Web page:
A character might be shrouded in mystery.

There are many reasons a character can be mysterious. Be it their profession, their past experience, their trust towards strangers, or their backgrounds they want hidden (like Criminals or Urchins wanting to change their ways), as a character, they would naturally be reluctant to share personal info with people that they just met. Those kinds of revelations are often earned by building trust between characters, an act of role-playing that your players can involve themselves in, immersing them further into the story. In my experience, if a player already knows a character's mysterious past, they are less likely to have their own character pry for that information as well.

Doing so might feel like hand-holding.

I might be wrong, but D&D has always been, for me, a way to express myself in new and fun ways. Since every action I make has irreversible consequences, it allows me to fully engage in playing the character and exploring a new aspect of myself. In that way, if my DM was to tell me "You don't want to go into the forest, there's an ambush waiting" or "If you do that, you'll get robbed", it makes the game feel less personal and more like I'm just a pawn in the DM's fantasy. Likewise, if I was invested in a character as I made them, and I was forced to expose their secrets to others, I'd feel like I'm exposing myself to them as well, which would break the fun of the game.

Again, the rule is that it's up to the DM and the players in the end, and some people might enjoy that full exposure, but I found that, for me, the best method of introducing my character beyond what I look like and what first impression I give, would be to leave me do it my own way, to grant me full control over my character from the start. And if I want to know about another character, as a player, I can simply state that I ask them.

  • \$\begingroup\$ +1 for the fact that it makes people interact more when they have to discover each other in roleplay terms. Another fact is that DM can create story plot from the background of one of the characters. If they all know each one back stories, then surprise (and maybe fun) will be lesser. \$\endgroup\$
    – Zoma
    Mar 11, 2019 at 14:02
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    \$\begingroup\$ @Zoma True, I remember my ranger knew to speak giant and freaked out everyone as he warned them of a pair of giant's plans... That lead to a little sidequest where my character had to prove that he wasn't a spy.... (Thanks Favored Enemy) \$\endgroup\$
    – Victor B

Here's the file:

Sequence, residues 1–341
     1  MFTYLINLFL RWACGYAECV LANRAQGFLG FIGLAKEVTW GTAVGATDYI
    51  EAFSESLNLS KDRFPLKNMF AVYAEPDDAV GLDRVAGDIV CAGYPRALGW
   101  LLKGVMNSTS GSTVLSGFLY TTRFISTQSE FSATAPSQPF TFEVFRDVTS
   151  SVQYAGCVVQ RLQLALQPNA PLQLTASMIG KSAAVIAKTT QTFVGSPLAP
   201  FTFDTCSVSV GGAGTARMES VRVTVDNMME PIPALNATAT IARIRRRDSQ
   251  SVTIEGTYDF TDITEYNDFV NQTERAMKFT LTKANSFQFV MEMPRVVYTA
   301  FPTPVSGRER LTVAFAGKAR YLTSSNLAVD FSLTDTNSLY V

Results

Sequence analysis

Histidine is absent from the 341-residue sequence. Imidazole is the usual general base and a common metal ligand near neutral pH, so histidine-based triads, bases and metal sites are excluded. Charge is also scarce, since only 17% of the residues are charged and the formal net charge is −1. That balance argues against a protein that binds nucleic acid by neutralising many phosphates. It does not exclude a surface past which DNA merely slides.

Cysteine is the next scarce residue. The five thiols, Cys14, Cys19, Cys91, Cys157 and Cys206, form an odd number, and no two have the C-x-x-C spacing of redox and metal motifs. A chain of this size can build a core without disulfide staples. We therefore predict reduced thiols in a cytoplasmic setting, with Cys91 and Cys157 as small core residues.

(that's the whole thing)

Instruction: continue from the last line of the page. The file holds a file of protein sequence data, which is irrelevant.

Mar 12, 2019 at 5:13

In my own experience as a DM, players don’t share character sheets as they keep a good chunk of their backstory on the sheets and my players like to keep the backstory private until personal quests.

However, if your players aren’t bothered about that or want to share backstories, there shouldn’t be an issue with each other seeing that I can think of.


D&D Beyond lets you see their stats

I agree with most of the answers here, particularly mxyzplk's, lightcat's and Victor B's. So I'm going to take a slightly different approach to this question.

D&D Beyond, the official online tool for D&D 5e, has a campaign feature. This campaign lets players add their characters to the DM's campaign group where the DM can give out items, monitor stats and a variety of other things. On top of giving the DM access to the character, players can also view each other's character sheets.

Player's are able to see each others:

  • Abilities, Saves, Senses
  • Skills
  • Actions available
  • Equipment
  • Spells
  • Features & Traits
  • Proficiencies & Languages

They cannot see:

  • Description: background, characteristics, traits, ideals, bonds, flaws, and physical description
  • Notes: backstory, NPC allies and enemies, organisations and other notes.
  • Creatures: Pets, animal companions, etc.. (Not relevant to this question)

D&D Beyond is owned and run by Fandom, and it is endorsed by WOTC. So although not technically official, I feel that this is the closest answer we can get to what WOTC believes players should be able to see of each other's sheets. Abilities and stats that could be reasonably deduced from race and class are visible. Attributes, traits, and backstory, the things that make a character unique, are hidden.

I think this is the right place to draw the line. If another player can work it out by reading the rulebook, there is no point keeping it secret anyway, if they can't then let it come out in roleplay at the table.